Crestron and AMX are NOT open standards. That's the problem, you have companies creating proprietary standards to create lockin. If Crestron was willing to open their control standard to an open standard it may very well succeed even though it's horribly dated (Crestron still uses mostly RS232 for communication though they have a few protocols that use communication standards that aren't 70 years old).

Re:He needs to learn more.... (1)

Lumpy (12016) | about 9 months ago | (#45302833)

Yes they are, try looking at them before opening your mouth.You know absolutely nothing about any of the technology, why dont you go and actually look at them first.

Re:He needs to learn more.... (0)

Anonymous Coward | about 9 months ago | (#45304229)

Feel free to enlighten us, but searching for "Crestron protocol" doesn't yield anything obviously useful, and the same for AMX yields some low level lightning control protocol?

This is pretty specialized stuff, you could at least give us the actual protocol names.

Re:He needs to learn more.... (0)

Anonymous Coward | about 9 months ago | (#45305069)

There is no Crestron protocol. You look up the data (usually a string of ASCII text) that your device needs to receive to do a certain function (via RS-232, TCP/IP, IR flasher, Cresnet, RF, etc...) then program the Crestron processor to send that data when you press the appropriate button on the touch panel. It's really pretty simple.

Re:He needs to learn more.... (1)

Lumpy (12016) | about 9 months ago | (#45305423)

www.crestron.com

Start reading, call me when you are done.

Re:He needs to learn more.... (0)

Anonymous Coward | about 9 months ago | (#45307913)

It's called Crestron, but AMX can do it as well (The toy stuff called Control 4 can not)

You should take a deeper look at Control4- they can control everything AMX or Crestron can, and more.

Nest CEO Tony Fadell announces at CEDIA Expo 2013 an open API and developer program for its learning thermostats. Control4 is first and only home automation partner announced:
http://www.cepro.com/article/nest_opens_api_for_thermostat_control4_is_first_home_automation_partner/

Nest selected the partner with the most promise in the marketplace. Crestron is too tied to old and dated standards and hardware. They may have more marketshare for now, but not for long....

won't work (5, Funny)

callmetheraven (711291) | about 9 months ago | (#45301847)

Everything in the fridge is melted because I couldn't find the right MIB.

Re:won't work (1)

grub (11606) | about 9 months ago | (#45301883)

HAHAHAHA!!! Oh I wish I had mod points for you.

Re:won't work (0)

Anonymous Coward | about 9 months ago | (#45302097)

Hell yes. Mod this guy up.

Re:won't work (1)

Xtifr (1323) | about 9 months ago | (#45303067)

I wish he weren't already modded to five, because I *do* have mod points, and have rarely seen something so deserving of one. :)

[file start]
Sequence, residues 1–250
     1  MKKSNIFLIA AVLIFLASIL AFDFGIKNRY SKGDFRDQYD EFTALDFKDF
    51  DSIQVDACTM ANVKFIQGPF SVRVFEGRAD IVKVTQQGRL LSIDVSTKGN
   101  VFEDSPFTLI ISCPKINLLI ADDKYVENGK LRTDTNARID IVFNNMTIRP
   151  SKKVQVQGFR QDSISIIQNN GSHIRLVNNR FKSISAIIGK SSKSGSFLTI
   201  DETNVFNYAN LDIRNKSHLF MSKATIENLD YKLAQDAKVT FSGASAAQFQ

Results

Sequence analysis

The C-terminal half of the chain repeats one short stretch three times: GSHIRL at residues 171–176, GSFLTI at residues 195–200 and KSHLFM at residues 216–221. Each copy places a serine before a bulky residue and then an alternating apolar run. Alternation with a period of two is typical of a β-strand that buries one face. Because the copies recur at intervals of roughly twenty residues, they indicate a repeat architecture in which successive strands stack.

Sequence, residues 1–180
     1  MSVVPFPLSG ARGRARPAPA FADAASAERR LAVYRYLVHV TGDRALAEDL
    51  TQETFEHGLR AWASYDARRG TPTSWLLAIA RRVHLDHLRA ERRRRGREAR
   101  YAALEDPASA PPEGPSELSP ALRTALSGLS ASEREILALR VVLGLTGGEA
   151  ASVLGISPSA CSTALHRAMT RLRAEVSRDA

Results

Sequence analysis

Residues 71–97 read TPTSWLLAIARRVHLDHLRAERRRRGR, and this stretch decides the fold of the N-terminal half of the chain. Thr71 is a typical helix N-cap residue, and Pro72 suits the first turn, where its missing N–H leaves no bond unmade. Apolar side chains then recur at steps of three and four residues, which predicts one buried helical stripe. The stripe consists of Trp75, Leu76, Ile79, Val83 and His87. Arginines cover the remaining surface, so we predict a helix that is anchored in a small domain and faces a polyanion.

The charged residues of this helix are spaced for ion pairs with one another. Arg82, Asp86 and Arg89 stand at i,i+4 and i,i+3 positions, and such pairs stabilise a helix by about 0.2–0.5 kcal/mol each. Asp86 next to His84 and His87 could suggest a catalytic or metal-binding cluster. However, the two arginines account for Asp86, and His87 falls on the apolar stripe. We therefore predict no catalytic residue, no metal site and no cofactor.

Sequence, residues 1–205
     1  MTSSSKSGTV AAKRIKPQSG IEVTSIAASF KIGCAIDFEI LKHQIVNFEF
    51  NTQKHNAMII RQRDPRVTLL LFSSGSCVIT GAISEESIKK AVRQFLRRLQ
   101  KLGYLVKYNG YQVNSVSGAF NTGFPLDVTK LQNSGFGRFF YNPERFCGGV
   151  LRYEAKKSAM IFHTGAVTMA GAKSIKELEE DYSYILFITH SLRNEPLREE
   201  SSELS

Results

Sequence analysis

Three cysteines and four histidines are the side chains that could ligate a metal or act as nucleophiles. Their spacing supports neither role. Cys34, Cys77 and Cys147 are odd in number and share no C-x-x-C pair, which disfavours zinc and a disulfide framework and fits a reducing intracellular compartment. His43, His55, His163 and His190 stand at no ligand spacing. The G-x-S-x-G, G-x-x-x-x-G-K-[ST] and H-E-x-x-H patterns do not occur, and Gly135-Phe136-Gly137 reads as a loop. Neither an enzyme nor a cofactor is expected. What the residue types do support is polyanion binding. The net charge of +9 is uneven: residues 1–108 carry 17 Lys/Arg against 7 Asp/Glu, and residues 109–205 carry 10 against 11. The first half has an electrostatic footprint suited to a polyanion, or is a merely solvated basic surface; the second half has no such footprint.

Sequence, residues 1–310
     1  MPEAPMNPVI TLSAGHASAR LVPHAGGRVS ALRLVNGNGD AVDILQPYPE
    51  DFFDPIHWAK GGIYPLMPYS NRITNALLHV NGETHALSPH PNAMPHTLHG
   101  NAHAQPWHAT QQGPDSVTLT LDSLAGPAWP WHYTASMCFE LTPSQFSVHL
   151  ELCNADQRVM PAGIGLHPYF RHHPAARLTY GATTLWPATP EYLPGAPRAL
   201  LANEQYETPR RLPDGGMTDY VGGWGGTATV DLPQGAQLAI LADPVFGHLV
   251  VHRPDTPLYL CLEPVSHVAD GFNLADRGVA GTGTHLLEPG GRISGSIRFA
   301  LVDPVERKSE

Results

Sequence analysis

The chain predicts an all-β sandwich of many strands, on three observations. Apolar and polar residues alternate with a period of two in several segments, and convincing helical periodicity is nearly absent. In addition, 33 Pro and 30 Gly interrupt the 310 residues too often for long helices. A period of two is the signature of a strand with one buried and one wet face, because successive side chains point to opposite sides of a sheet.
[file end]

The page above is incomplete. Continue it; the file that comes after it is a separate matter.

Re:won't work (0)

Anonymous Coward | about 9 months ago | (#45305121)

This is not funny without an explanation of the acronym. Anyone?

I get nothing on Google, it's obviously not Men in Black, Mebibyte, or Management Information Base, and the Wikipedia MIB disambiguation page [wikipedia.org] does not help either.

Re: won't work (0)

Anonymous Coward | about 9 months ago | (#45306691)

TFS refers to SNMP, an existing protocol developed by Marshall Rose. Item 3 under "Computing" on the Wikipedia page refers to "Simple Network Management Protocol". You can probably manage from there. If you don't get it, you're not the target audience.

SNMP is a model for how not to do things. (5, Informative)

Above (100351) | about 9 months ago | (#45301873)

This is someone who was ok with ASN.1, OID's, and "walking" tables that had no business in being walked, over an unreliable UDP protocol that initially had effectively zero security.

Someone stop him from developing a home automation protocol before his being "first" relegates that industry to 30 years of pain and suffering.

Re:SNMP is a model for how not to do things. (1)

indeterminator (1829904) | about 9 months ago | (#45304755)

I came here to post "yeah, because SNMP is the example of an easy way to make things talk to each other", but you were faster. I'd mod you up but you're already at +5.

I love standards! Let's make a new one! (-1, Redundant)

imag0 (605684) | about 9 months ago | (#45301879)

Hmm (0)

Anonymous Coward | about 9 months ago | (#45301945)

I'm only mildly familiar with SNMP, but, would it not actually be a decent mechanism for this kinda thing.

I mean what you really want is a generic bus that lets you see a list of what everything can do (and their parameters), and remotely invoke said things with a set of parameters. Some kind of authentication would also be nifty.

The problem really seems to come down to physical connection. Most of the older systems I've used (particularly the pile of garbage known as x10) attempted to use power lines, which was terrible for a great many reasons (though I hear insteon and newer variants are much better with cutting edge features such as "handshaking").